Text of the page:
Like many prudent job shop owners, Ferriero’s latest machining center investment was a Hurco VM10U 5-axis machining center instead of a traditional 3-axis machine. The VM10U is part of the integrated trunnion style 5-axis machines from Hurco. With X/Y/Z travels of 21x16x19 and a 20-station ATC, the VM10U is one of the highest value 5-axis machines on the market.
Ferriero bought the VM10U to cut down on setups and has realized numerous productivity benefits. "The Hurco VM10U has exceeded our expectations. It has cut down on cost, time, labor and material," said Ferriero.
He cited a specific example for an article that appeared in Manufacturing News. The job entailed the manufacture of plastic components for prototype parts for de-icing the C-130 aircraft. "Without the VM10U 5-axis machine this would have been nearly impossible to get done on time for our customer," said Ferriero. "After offline programming, the setup time on the machine was done in a few hours. The part surface quality and time comparison was much better than expected. It would have been a minimum of 2 days just to make fixtures to machine these parts on a 3-axis machine."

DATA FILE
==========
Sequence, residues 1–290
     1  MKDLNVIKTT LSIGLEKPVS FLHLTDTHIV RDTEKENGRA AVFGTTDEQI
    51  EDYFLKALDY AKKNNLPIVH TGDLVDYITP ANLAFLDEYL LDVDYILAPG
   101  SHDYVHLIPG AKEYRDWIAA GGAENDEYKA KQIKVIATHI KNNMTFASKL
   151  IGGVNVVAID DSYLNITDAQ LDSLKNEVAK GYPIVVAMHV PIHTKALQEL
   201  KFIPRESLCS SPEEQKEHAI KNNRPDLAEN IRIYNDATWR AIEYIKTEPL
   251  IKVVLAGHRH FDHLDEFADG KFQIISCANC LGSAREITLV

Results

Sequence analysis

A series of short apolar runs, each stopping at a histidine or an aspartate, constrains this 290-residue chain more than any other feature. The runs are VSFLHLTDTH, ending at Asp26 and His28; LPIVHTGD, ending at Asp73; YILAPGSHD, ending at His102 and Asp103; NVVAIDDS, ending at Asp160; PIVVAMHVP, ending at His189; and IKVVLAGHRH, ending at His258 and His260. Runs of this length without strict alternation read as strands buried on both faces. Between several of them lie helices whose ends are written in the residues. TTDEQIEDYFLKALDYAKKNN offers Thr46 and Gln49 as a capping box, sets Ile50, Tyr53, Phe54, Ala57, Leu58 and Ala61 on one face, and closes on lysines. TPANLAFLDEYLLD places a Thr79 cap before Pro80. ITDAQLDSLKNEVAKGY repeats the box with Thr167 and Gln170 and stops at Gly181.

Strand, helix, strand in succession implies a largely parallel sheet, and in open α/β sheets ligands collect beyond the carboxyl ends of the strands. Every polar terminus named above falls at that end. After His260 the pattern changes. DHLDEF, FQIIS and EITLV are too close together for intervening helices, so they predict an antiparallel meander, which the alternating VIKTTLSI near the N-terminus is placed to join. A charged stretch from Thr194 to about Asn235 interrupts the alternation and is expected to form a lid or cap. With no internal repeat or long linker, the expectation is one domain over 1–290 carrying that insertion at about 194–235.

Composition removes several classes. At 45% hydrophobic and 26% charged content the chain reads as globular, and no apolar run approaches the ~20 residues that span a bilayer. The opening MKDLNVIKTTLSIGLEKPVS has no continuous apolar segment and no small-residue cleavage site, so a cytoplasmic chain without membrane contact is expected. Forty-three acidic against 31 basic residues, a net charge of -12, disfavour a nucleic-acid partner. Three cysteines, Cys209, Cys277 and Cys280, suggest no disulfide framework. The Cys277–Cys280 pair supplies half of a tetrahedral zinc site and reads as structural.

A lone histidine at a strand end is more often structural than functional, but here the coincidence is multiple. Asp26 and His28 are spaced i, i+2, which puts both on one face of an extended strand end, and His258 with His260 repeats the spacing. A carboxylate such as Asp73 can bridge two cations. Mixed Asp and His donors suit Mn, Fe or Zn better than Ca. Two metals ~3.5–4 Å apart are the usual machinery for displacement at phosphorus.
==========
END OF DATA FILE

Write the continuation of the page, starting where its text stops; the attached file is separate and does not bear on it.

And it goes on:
Beyond the technology, beyond the equipment, Ferriero says he continues to invest in Hurco machining centers because of the high quality service he gets from Hurco and Hurco’s distributor, Brooks Associates. Says Ferriero, “The service we get from Hurco and Brooks is second to none. They listen and they are responsive. They understand that your machines are your business.”
Click this link to read the article about PlasTech that appeared in Manufacturing News.
S-3 Industries in Ontario, Canada, produces a wide variety of products using multiple materials, such as aluminum, nickel-based alloys, castings, stainless steel, cold-rolled steel, titanium, exotic metals, and plastics. Customers include aerospace, military/defense, satellite and communications, and enery and resource companies.
S-3 purchased a VM10i due to the power of the integrated Hurco control. S-3 Operations Manager Vince Ferri says, "You can do many production pieces on the VM10i with ease, but it's also great for secondary operations...It is fast to set up, and incredibly user-friendly."
To read the entire article, which appeared in Metalworking Purchasing & Production, click here.
To Keep a Big New Customer, a Startup Company Turns to Hurco to Deliver a Needed Machine Fast.Story and photos by C. H. Bush, editor / As Seen in CNC West, An Arnold Publication Serving the Western Metalworking Industry Since 1981